I wrote this book because I love my country and I’m concerned about our future. As I often said when I first ran for President in 1992, America at its core is an idea—the idea that no matter who you are or where you’re from, if you work hard and play by the rules, you’ll have the freedom and opportunity.

That idea no long seems achievable to the more than 15 million people who are unemployed or working part-time who need full-time jobs to support themselves and their families. And it must seem downright unreal to the growing number of men and women who’ve been out of work for more than six months and can’t even get interviews for job openings, as if they’re somehow to blame for becoming casualties of the worst recession since the Depression.

"It’s heartbreaking to see so many people trapped in a web of enforced idleness, deep debt, and gnawing self-doubt. We have to change that. And we can."

Work is about more than making a living, as vital as that is. It’s fundamental to human dignity, to our sense of self-worth as useful, independent, free people. I earned my first money mowing lawns when I was twelve. At thirteen I worked in a small grocery store and set up a used comic book stand on the side. By the time I finished high school, I’d made a little money doing seven other things. By the end of law school, seven more. Over the last four decades, nine more, not counting my foundation and other philanthropic work. Most of these early jobs didn’t last long. I didn’t like them all. But I learned something in every job—about the work, dealing with people, and giving employers and customers their money’s worth.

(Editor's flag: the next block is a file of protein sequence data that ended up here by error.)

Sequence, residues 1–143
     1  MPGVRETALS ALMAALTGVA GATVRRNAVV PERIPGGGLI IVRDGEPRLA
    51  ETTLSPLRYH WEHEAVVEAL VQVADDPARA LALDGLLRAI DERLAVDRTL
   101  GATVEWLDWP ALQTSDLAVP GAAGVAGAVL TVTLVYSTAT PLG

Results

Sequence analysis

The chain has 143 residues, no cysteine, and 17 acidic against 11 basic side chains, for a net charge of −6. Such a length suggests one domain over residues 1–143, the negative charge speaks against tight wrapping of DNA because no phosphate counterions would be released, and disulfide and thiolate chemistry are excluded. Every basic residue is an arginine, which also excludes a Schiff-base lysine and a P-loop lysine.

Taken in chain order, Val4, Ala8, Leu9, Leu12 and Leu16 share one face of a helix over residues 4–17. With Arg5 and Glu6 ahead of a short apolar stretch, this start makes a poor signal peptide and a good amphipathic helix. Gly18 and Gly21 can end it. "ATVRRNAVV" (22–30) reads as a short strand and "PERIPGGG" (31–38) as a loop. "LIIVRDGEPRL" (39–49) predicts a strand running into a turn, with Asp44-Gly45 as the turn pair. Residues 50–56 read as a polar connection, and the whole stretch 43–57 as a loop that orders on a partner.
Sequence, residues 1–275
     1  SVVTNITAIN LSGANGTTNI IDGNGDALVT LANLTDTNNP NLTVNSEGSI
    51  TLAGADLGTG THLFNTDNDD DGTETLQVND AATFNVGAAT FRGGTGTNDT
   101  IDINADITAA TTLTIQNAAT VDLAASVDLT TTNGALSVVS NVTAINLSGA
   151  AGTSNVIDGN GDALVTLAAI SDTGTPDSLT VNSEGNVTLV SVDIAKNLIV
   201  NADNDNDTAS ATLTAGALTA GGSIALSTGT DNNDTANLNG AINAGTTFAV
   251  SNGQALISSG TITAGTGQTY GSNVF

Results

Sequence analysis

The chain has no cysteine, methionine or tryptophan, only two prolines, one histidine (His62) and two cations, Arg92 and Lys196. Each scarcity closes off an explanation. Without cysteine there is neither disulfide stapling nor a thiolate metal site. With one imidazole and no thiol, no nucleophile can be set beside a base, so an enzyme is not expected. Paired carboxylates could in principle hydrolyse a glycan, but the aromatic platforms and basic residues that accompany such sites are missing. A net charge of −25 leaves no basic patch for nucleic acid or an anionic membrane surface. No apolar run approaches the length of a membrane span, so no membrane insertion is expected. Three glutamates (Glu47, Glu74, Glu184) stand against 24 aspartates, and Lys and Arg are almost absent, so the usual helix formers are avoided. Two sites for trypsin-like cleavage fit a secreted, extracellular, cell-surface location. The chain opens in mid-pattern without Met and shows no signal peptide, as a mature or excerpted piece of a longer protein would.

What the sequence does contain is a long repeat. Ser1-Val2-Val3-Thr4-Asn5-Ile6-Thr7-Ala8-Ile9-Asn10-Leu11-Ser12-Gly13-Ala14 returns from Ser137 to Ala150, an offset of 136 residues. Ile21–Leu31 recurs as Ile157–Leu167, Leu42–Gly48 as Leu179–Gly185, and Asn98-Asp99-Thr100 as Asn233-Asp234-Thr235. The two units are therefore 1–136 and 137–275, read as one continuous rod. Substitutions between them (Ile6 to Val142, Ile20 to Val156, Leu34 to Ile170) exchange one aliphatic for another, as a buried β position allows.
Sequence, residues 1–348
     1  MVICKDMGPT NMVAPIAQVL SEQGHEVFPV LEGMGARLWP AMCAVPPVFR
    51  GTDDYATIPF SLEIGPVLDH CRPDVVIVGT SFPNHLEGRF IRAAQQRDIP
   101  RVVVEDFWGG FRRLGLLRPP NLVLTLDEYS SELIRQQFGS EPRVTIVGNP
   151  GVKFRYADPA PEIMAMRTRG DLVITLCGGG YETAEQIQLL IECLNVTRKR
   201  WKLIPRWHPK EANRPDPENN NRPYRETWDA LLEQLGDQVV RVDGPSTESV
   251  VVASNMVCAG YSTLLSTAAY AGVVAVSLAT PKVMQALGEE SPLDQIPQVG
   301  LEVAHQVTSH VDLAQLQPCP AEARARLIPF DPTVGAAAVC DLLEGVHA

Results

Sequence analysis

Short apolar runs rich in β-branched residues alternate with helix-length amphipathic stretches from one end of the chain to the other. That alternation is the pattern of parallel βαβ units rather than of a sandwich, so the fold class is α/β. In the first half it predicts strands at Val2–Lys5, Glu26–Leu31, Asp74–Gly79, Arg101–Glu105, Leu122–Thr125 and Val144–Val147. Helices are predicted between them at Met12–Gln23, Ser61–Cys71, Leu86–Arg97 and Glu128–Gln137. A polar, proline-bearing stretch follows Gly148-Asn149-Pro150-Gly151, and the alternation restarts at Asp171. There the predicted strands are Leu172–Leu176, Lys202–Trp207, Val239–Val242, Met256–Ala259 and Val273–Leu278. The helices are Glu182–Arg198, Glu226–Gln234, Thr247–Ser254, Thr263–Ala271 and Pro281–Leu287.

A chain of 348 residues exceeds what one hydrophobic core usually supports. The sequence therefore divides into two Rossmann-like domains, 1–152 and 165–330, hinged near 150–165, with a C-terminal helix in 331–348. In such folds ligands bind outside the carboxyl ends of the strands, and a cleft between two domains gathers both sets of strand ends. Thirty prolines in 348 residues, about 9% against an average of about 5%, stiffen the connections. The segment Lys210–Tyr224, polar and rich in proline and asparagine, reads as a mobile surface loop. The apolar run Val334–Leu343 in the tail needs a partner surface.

I came of age believing that, no matter what happened, I would always be able to support myself. It became a crucial part of my identity and drove me to spend a good portion of my adult life trying to give other people the chance to do the same thing. It’s heartbreaking to see so many people trapped in a web of enforced idleness, deep debt, and gnawing self-doubt. We have to change that. And we can.